Furthermore, this command comes at a time when the Jewish People were barely out of Egypt. Had I been there, I could imagine my reaction: “Seriously? Am I supposed to be Your emissary to make You look good? I’ve been a slave all my life. And as you know, God, I have post-traumatic-stress disorder, my self-esteem is in the pits, and my inner child is wounded to the core. No offense, God, but Your expectations of me are completely unrealistic.

What Lights You Up?

One way to answer this lies in the first sentence of the Torah portion, “Emor,” which means, “Speak.”   God tells Moses, “Speak to the “Kohanim” (the Priests)….and warn them to educate their children.” The Hebrew word “to warn” is “l’hazeer” and it is related to the word, “Zohar,” which means “light.”

“Education is the kindling of a flame, not the filling of a vessel.”

                                    – Socrates

Predating by thousands of years a contemporary idea one would find in any spiritual parenting book, the Torah wants us to understand that the purpose of educating our children is to “light them up from within.” It is no coincidence that we use the term “to enlighten” to impart knowledge. True enlightenment is not about acquiring knowledge, however, but about gaining wisdom. Being enlightened is not an external process; rather, it’s the revealing of our inner essence and wisdom, our divine truth.

And so Moses was “warning” the Priests that the process of educating children is not just the external downloading of information but the internal cultivation of their character to reveal their inner greatness, because the essence of parenting is to build a child, and in so doing, to fill the child with light.

Similarly, the essence of the Jewish people is to build this world.   All Jews – not just the “Kohanim” – are charged with being the Priests of this world and being a light unto the nations.

Stepping into Greatness

But where does it start? It is the responsibility of each person to build him or herself. When we understand who we are at our core, and when our external behavior is congruent with this inner reality, then we could never act in any way   other than sanctifying God’s Name.   And then, embodying holiness, so as to honor God’s Name, would be effortless and natural. In a very familiar quote by Marianne Williamson, she says the following:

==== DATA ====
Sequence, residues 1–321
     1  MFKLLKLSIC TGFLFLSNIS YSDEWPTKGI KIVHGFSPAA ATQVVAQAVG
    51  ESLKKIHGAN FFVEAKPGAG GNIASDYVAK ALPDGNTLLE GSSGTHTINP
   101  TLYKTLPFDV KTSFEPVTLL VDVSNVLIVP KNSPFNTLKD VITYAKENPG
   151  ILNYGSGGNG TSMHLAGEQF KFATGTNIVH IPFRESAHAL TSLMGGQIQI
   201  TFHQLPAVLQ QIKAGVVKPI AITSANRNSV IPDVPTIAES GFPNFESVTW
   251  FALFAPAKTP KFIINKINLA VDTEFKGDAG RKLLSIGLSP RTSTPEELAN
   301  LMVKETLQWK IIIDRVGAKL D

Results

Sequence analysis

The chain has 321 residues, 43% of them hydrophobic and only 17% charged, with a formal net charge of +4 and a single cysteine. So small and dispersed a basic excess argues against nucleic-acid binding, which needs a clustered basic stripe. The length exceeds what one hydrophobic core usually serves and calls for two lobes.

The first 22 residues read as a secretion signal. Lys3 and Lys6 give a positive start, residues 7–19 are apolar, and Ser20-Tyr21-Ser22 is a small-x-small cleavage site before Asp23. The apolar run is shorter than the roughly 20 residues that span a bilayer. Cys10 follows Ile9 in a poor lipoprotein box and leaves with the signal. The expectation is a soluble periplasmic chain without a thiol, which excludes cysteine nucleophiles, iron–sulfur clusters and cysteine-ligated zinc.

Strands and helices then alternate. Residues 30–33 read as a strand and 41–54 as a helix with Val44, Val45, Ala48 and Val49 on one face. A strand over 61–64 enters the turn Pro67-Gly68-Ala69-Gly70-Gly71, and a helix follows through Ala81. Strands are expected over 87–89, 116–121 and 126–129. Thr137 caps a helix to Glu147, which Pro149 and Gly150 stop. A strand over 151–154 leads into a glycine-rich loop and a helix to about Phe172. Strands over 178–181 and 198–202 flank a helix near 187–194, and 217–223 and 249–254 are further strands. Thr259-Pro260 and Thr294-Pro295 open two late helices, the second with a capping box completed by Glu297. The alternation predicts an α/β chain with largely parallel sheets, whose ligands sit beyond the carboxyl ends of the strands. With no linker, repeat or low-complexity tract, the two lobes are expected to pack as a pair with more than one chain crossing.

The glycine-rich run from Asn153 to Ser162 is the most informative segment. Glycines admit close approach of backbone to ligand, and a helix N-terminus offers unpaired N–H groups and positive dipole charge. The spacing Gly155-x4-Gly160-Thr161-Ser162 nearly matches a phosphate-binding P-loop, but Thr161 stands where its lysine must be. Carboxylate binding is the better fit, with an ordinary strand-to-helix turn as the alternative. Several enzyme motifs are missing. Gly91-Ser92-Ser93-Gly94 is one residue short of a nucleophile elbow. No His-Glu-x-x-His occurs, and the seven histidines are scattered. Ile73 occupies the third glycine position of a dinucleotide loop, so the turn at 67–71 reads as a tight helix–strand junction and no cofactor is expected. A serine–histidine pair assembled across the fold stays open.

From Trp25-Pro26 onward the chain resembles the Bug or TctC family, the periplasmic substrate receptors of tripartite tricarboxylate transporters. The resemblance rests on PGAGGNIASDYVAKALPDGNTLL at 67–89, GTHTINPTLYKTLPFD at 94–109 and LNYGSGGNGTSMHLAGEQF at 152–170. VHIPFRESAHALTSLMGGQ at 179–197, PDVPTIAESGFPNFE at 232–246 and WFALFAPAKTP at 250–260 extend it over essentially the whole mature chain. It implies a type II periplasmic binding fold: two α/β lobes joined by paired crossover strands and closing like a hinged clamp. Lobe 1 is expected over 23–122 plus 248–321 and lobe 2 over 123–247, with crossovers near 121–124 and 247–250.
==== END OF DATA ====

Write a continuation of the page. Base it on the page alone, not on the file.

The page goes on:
Our deepest fear is not that we are inadequate. Our deepest fear is that we are powerful beyond measure. We ask ourselves, ‘Who am I to be brilliant, gorgeous, talented, fabulous?’ Actually, who are you not to be? You are a child of God. Your playing small does not serve the world.

We are all meant to shine, as children do. We were born to make manifest the glory of God that is within us. And as we let our own light shine, we unconsciously give other people permission to do the same.  

We are all children of God, and so, this all-powerful Deity has a relationship, a personal connection with each and every one of us. In “Emor”, however, God is further redefining the relationship and ups the ante. If we think of ourselves as dependent children who can only “take,” it limits us and forces us to “play small.”

And so in “Emor,” God asks us to step onto the bigger playing field, where we become God’s real partner in Creation. To do that, we must become givers. Then, we are capable of sanctifying holiness. And then God returns the favor. Says Pat Conroy: “Honor is the presence of God in man.”

In giving us the Torah in the desert, God was freeing us not just from the reality of slavery, but also from the mentality of slavery. May we all embrace our divine charge to be builders and enlighteners, and to live in the paradigm where everything and everyone is illuminated.

Something To Ponder:

  1. When you internalize your own holiness and power, what becomes newly possible for you?
  1. What would be you doing differently?
  1. What does the most enlightened version of you look like?
  1. Who and what situation changes for the better when you act from your enlightened self?

Ki Sisa – How Solid Is Your Sense Of Self?

imagesIn the aftermath of a scandal having to do with embezzlement from a charity, a woman wrote an article chiding people who responded with moral outrage, suggesting that none of us can be sure how we would act under similar circumstances, and therefore, we should not be so self-righteous and judgmental. I thought that idea was ridiculous. I know myself pretty well, and I couldn’t imagine any set of factors that would induce me to act like that. Embezzling from a charity? No way! And so my moral outrage stayed intact, thank you very much.

This week’s Torah portion, “Ki Sisa,” chronicles  the sin of the Golden Calf. I would like to think that I would never have participated in that terrible spectacle. If you have ever seen the movie, The Ten Commandments, where Charlton Heston calls out, “Whoever is for the Lord, join me!” and a woman’s voice cries out from the crowd, “I will!” – I would like to think that I am that kind of girl.